We were surprised to find that there are only four bases in DNA and they bind to each other in pairs and are most commonly known by their one-letter names: AT and CG. We had to ask our teacher if there were any exceptions that we could learn by heart. There were none. That was it. Our teacher prompted us to move on to the next question. We had never been so productive. No dictionaries, discussion of what was the most appropriate verb and not even Babel fish.
A few years later, while studying biology at university, I was on the floor of my student accommodation drawing a visual representation of how DNA is duplicated. I was studying for my next exam, but most importantly I was having fun. In all honesty, it wasn’t that difficult. I wondered why I had been so reluctant all my life, why I had thought science was so hard.
I vowed that I would do all in my power to make other people find science as interesting as I did. And I today I believe that the best way to do this is to approach the topic in new ways and make it easy to understand.
There are others that also try to make scientific concepts easy to understand. In specific, a group of scientists based at the Blizard Institute in Whitechapel researching Multiple Sclerosis (MS) at Queen Mary University of London. They have developed an innovative take on how to explain MS to children who might have a parent suffering from the condition.
To me, the mission of converting the science unbelievers is an important one. Hopefully, by attempting it, at least one youngster out there will dare to get excited about science and not run a mile whenever it is mentioned.
The sci-fi dream of instant identification through fingerprint scanning has finally arrived as mainstream technology that many of us will interact with every day. Apart from granting access to the Aladdin’s cave that our mobile phones currently are, researchers have obsessively looked into the possibility of diagnosing disease from fingerprint patterns. It may seem farfetched, but statistics show that maybe it’s not such a bad idea.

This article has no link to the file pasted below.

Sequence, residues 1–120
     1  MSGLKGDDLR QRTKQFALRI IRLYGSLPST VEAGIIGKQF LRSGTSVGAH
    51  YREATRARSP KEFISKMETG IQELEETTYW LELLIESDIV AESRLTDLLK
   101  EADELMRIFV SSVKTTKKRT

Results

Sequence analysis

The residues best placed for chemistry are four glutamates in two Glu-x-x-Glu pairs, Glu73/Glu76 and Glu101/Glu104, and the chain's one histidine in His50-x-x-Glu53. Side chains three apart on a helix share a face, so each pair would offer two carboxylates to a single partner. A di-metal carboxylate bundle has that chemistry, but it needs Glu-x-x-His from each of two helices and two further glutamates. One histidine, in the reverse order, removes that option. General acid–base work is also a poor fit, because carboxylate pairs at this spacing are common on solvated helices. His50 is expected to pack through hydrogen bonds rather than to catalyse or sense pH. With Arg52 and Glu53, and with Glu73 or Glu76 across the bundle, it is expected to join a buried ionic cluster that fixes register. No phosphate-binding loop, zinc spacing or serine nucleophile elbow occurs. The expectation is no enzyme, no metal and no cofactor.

We have much still to learn about our unique fingerprints. Exactly how they form is unknown. One theory is that we somehow inherit the patterns from our parents. To add complexity, the prints must also be maintained throughout life, since they don’t fade away with time. Some theories claim that fingerprints are very useful and could have evolved to improve gripping of objects and sensation of different surfaces.
Fingerprint identification entered the realm of science in the later half of the 1800s. Back then, the focus was on forensics and new ways to catch criminals. In 1864 Professor Paul-Jean Coulier published his newfound technique making it possible to see and identify left over or accidental fingerprints at crime scenes. Since researchers started studying prints, a lot of faith has been put in the information they hold.
In the past few decades, researchers have looked at fingerprints taken from people diagnosed with certain diseases and tried to find common characteristics in the prints. The idea could make it possible to diagnose other people by just looking for the same patterns in their fingerprints. So far, statistics show that a connection can be made between certain pattern characteristics and a large number of diseases, including arthritis, asthma, breast cancer, and schizophrenia.
So, if your phone one day will be able to diagnose you is hard to fully predict, but we sure seem to think that our fingerprints can unlock more secrets than the ones we have stored in our phones.
As the 15th country in the world, the UK (or at least England and Wales) are closer than ever to allow and recognise same-sex-marriage (follow the status of the bill here).
It might be in relation to this that the Science Museum in London chose to dedicate this month’s ‘Lates’ session, held on the last Wednesday of each month, to exploring sexuality and sexual preference. Yesterday seemed jam packed with activities and lectures to discuss the role of a plastic surgeon in the a transgender person’s life, the sexual behaviour of bugs and to explain the Science of Sex.